Yes I would. In an interview, Morrissey talks about the psychology of asking the groups for their participation. Over time, she learnt who within the group to ask by observing the dynamics and identifying the ‘alpha’ male or female. Being at the beach in summer, people tend to be having a good time, and Morrissey’s proposition and the prospect of taking part could be seen to be exciting or fun. People want to say “Yes”, so when asking the question, Morrissey would refrain from asking “Do you mind if I take your photograph?” to which the reply might be “Yes, I do mind”. Instead, she would ask “Can I take your photograph”?

Morrissey rewarded her subjects with a conventional family portrait (without her in it), a copy of the book and an invite to the exhibition. For me, the prospect of being part of such a project would be quite fascinating, and as an Art student, I would be keen to help an artist.

It can’t have been easy to approach strangers and ask to take the place of a key member of the family. I can understand why a lot of people would have refused. Not everyone ‘gets’ Art. Some may have reservations about the use of their image, or they may be conscious about their appearance. In modern society, there is a suspicion of anyone who points a camera at children who aren’t their own. I expect that wasn’t much of an issue for Morrissey being a) a woman and b) using a large format camera with a professional and traditional appearance, but for many, they simply do not want their children photographed by strangers. For some, it may have been seen as an intrusion or invasion of privacy and may have made them far too uncomfortable. On looking at the first photograph in the series, my first thought was of a film called The hand that rocks the cradle (1992), in which a nanny pushes the mother out and tries to take her place within the family. It is really quite disturbing to see Morrissey with a strangers child who seems so comfortable in her embrace. In fact, one woman even remarked that it was as if she was dead, and had been replaced (about one of Morrissey’s photographs).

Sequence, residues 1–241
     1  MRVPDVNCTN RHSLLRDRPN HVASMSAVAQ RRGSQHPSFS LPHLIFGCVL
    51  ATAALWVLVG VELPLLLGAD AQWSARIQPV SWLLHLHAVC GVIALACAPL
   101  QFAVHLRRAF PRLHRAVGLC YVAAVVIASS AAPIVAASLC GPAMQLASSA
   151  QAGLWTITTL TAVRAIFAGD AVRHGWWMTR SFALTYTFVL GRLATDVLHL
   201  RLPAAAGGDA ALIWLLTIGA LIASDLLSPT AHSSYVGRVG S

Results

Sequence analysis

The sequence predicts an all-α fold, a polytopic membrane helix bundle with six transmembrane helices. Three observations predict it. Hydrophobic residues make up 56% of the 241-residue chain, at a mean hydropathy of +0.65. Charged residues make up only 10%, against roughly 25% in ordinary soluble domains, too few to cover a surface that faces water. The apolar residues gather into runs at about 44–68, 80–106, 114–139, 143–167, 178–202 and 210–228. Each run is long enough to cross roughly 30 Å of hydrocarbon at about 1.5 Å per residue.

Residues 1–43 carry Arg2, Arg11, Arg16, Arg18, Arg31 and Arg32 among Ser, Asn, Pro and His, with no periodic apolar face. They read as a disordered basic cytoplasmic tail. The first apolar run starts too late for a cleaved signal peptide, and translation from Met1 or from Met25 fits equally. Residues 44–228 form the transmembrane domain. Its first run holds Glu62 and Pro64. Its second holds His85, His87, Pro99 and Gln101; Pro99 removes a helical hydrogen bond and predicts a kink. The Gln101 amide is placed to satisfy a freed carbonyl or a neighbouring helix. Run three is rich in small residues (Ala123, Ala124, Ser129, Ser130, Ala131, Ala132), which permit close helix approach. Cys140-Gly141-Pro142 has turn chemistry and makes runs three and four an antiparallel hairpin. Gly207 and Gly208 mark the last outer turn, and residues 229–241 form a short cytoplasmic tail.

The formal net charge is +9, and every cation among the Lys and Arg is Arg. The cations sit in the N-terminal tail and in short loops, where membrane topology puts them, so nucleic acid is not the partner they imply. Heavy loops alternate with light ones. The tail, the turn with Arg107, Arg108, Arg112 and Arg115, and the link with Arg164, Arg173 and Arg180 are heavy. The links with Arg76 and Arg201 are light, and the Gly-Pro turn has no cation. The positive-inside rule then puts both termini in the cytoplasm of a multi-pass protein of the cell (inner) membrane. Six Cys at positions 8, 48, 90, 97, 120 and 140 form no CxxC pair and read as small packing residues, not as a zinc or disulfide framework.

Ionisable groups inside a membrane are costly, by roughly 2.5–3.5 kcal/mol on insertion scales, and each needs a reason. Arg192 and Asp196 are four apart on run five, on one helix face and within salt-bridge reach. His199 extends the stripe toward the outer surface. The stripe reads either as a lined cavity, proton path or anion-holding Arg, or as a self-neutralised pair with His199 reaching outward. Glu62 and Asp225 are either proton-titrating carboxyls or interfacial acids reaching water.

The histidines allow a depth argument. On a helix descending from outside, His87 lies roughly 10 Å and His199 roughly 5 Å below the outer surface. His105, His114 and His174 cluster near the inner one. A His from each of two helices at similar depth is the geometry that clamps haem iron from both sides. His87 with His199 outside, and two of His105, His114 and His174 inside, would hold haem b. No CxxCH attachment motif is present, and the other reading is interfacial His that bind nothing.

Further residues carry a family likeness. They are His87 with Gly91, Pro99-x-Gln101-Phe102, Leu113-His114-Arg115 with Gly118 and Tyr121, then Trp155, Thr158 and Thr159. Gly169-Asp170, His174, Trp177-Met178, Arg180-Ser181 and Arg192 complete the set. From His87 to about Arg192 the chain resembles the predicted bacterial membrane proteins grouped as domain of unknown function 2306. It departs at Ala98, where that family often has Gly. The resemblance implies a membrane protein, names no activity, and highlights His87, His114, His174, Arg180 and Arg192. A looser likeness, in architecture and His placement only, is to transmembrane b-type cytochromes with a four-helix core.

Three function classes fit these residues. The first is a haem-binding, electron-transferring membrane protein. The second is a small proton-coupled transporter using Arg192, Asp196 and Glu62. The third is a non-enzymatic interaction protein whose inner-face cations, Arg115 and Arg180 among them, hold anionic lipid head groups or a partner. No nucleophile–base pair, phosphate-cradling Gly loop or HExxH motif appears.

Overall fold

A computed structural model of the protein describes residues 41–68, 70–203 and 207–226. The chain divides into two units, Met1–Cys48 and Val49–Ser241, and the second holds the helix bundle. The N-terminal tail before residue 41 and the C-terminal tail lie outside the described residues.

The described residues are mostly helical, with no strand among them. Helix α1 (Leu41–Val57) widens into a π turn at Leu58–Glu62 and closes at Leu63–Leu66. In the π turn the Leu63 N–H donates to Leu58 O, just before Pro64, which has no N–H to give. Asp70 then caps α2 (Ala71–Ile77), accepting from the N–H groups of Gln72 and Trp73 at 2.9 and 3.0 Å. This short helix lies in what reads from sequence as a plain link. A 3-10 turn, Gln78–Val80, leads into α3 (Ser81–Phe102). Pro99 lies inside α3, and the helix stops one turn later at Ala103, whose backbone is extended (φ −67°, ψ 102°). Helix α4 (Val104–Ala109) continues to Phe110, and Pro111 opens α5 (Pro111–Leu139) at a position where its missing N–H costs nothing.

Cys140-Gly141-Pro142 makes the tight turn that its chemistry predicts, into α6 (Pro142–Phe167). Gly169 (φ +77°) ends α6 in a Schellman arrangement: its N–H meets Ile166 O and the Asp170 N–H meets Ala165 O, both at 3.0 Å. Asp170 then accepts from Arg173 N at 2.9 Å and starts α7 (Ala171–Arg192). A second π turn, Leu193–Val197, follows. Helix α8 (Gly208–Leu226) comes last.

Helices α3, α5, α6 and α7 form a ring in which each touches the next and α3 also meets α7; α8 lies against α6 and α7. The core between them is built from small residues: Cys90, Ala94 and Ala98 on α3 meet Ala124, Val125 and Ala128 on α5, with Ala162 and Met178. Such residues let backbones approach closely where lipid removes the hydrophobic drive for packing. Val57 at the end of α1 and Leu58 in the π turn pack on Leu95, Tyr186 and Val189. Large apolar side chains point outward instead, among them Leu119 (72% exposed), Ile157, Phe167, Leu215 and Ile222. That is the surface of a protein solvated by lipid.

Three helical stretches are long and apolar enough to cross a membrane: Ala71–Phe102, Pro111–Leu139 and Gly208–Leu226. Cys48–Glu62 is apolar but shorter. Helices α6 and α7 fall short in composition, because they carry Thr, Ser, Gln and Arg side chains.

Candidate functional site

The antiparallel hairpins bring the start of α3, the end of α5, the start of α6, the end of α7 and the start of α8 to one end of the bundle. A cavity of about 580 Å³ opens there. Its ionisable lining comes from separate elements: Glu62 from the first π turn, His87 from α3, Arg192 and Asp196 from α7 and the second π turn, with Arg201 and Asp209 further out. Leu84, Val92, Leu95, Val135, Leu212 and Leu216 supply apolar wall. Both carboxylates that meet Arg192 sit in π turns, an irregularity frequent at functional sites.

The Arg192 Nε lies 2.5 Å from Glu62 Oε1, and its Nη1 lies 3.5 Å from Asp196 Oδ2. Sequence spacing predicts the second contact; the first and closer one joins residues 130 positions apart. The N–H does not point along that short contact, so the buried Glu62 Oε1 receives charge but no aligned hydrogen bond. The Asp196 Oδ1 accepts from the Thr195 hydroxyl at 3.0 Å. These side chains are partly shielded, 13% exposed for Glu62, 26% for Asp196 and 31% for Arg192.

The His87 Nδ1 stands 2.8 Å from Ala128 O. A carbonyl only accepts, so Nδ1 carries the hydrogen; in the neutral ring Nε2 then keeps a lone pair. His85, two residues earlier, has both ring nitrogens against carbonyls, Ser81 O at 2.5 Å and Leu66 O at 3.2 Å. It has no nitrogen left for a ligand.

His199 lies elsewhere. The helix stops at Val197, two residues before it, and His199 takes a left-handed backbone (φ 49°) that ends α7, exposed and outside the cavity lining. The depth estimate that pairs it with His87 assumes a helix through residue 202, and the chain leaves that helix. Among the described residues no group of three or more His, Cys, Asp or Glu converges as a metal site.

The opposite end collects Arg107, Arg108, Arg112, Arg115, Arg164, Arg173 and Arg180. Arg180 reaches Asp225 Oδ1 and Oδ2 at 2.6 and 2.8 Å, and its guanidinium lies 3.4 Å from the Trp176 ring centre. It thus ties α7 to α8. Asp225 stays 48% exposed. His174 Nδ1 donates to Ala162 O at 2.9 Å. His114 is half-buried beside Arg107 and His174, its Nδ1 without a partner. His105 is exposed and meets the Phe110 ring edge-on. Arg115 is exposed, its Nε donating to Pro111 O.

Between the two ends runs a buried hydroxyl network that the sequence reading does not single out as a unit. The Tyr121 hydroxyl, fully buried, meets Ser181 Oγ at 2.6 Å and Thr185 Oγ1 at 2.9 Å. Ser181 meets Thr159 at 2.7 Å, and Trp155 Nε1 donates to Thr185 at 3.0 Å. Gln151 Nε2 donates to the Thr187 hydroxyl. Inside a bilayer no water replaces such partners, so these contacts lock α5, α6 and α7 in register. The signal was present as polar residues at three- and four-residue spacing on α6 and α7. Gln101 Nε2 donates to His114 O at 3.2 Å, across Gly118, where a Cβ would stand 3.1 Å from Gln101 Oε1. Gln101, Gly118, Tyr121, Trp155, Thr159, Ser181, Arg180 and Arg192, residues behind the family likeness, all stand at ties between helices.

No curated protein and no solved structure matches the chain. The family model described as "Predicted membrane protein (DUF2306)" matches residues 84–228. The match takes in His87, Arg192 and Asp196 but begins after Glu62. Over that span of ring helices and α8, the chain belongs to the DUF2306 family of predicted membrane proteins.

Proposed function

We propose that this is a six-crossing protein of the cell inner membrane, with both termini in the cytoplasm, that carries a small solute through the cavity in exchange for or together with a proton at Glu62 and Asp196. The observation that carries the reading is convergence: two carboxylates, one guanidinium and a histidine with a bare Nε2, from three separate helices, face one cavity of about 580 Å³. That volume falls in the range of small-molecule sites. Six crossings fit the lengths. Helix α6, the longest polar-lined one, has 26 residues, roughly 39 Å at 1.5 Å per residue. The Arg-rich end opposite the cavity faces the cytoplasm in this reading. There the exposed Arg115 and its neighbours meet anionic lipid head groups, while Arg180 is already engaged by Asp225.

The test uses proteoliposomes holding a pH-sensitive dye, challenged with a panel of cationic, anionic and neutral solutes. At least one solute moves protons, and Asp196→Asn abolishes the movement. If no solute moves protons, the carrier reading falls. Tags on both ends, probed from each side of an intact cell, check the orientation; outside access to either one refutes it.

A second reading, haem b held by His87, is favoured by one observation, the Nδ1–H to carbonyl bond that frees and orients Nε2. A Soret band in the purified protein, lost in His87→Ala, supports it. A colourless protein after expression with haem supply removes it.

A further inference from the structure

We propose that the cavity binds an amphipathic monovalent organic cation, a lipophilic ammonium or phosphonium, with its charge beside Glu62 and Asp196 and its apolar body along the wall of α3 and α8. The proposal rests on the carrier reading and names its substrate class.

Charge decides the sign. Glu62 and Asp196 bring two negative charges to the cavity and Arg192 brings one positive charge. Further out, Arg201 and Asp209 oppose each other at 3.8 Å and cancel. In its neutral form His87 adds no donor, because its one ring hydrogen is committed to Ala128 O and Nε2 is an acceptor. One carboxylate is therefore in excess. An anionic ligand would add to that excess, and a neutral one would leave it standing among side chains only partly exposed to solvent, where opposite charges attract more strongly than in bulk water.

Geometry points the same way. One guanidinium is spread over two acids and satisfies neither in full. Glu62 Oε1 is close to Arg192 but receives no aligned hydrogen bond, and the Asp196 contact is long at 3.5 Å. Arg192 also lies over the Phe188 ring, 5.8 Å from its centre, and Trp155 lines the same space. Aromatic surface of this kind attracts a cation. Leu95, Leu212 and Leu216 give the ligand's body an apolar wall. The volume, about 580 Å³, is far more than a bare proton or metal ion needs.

Morrissey uses self-portraiture in more of her work, namely Seven and The Failed Realist. Look at these projects online and make some notes in your learning log.

Seven Years (2001-2004), is a series that explores the intricate relationships within a family and the telling gestures that we see in the family snapshot. The title refers to the age gap between Morrissey and her older sister who appears alongside her in the photographs. In each photograph, both Morrissey and her sister take on the roles of different characters in fictional scenes that mimic those found in most family albums. For me, the images appear authentic in terms of clothing, props, background etc, but they are just a little too well constructed to be believable as snapshots. I don’t think that this detracts from the purpose of the images because the meaning comes from the people/subjects and the gestures they make whether obvious or subtle. I’m not too sure about the relevance of the author appearing in the work as far as self portraiture is concerned. From what I understand, the scenes are fictional and therefore are not from her own childhood. The explanation could be as simple as the fact that both her and her sister are inexpensive and available models who have a close relationship. There could be deeper relevance but I’m not aware of it.